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Internet Protocol suite (IP suite)

Contributor(s): Matthew Haughn

Internet Protocol suite (IP suite) is the standard network model and communication protocol stack used on the Internet and on most other computer networks. While other networking models exist, the IP suite is overwhelmingly the global standard for computer-to-computer communication.

The IP suite follows a client/server model, in which multiple client programs share the services of a common server program. Protocols in the suite define end-to-end data handling methods for everything from packetizing, addressing and routing to receiving. Broken down into layers the IPS includes the link layer, the internet layer, the transport layer, application layer and the physical layer. Each layer contains a number of protocols for communications. The suite is sometimes just called TCP/IP, because those are the predominant protocols in the model and were the first ones used. However, the IP suite involves many other protocols.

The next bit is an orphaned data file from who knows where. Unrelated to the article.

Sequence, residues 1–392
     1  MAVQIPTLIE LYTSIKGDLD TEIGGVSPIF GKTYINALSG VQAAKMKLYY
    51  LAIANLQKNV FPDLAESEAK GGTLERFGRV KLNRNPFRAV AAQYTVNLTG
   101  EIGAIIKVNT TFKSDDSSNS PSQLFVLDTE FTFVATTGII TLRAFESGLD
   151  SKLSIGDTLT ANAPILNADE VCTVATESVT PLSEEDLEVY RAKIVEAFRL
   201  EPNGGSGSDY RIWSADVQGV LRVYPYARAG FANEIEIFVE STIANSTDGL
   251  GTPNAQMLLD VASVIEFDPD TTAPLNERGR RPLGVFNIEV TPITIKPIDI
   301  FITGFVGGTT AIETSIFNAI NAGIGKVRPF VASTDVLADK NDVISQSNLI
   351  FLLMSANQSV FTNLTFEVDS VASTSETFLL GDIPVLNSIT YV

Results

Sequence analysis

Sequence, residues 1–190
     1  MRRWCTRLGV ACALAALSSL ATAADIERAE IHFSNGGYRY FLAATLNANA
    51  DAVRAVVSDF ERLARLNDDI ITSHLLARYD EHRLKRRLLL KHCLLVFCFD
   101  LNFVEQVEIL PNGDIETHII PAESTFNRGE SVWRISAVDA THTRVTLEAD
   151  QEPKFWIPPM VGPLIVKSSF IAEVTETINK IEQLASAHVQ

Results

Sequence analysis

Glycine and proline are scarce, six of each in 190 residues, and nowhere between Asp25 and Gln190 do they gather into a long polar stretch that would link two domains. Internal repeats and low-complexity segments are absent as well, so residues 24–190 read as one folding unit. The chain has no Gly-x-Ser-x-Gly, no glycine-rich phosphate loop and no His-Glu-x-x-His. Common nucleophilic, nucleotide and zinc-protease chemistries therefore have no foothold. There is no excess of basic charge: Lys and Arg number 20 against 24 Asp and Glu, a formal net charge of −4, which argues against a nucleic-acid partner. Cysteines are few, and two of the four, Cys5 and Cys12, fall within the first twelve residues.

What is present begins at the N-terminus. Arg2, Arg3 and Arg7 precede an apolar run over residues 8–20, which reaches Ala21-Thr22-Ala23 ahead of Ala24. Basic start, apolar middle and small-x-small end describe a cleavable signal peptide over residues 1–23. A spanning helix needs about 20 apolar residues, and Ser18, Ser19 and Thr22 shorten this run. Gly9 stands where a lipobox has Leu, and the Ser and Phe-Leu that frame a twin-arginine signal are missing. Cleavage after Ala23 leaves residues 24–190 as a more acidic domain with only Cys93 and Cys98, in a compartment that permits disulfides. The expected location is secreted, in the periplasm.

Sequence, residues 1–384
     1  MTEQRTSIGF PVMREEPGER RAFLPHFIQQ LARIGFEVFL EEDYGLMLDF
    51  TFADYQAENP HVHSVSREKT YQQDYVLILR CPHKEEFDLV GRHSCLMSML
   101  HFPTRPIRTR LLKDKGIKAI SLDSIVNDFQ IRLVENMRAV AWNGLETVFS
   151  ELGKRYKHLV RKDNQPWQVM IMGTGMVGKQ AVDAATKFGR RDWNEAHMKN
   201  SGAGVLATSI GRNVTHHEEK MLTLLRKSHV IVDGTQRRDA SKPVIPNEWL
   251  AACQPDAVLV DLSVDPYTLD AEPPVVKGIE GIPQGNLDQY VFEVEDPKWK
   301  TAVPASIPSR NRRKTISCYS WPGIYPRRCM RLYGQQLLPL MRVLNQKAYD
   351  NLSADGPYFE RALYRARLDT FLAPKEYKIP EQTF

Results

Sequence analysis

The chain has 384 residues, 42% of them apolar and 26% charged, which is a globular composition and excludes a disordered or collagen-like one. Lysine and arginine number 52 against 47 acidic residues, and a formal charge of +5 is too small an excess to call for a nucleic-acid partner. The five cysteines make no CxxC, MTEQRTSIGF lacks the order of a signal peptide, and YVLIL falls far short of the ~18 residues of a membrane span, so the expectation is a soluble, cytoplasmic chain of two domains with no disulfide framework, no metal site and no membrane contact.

The following is a partial list of protocols in each layer:

Application layer:

BGP, DHCP, DNS, FTP, HTTP, IMAP, LDAP, MGCP, NNTP, NTP, POP, ONC/RPC, RTP, RTSP, RIP, SIP, SMTP, SNMP, SSH, Telnet, TLS/SSL and XMPP.

Transport layer:

TCP, UDP, DCCP, SCTP and RSVP.

Internet layer:

IP, IPv4, IPv6, ICMP, ICMPv6, ECN, IGMP and IPsec.

Data link layer:

ARP, NDP, OSPF, L2TP, PPP, MAC, Ethernet, DSL, ISDN and FDDI.

The United States Department of Defense (DoD) developed the Internet protocol suite from research at DARPA (Defense Advanced Research Projects Agency). For this reason, the model is also sometimes referred to as the DoD model.

See a video introduction to the IP suite:

This was last updated in June 2016

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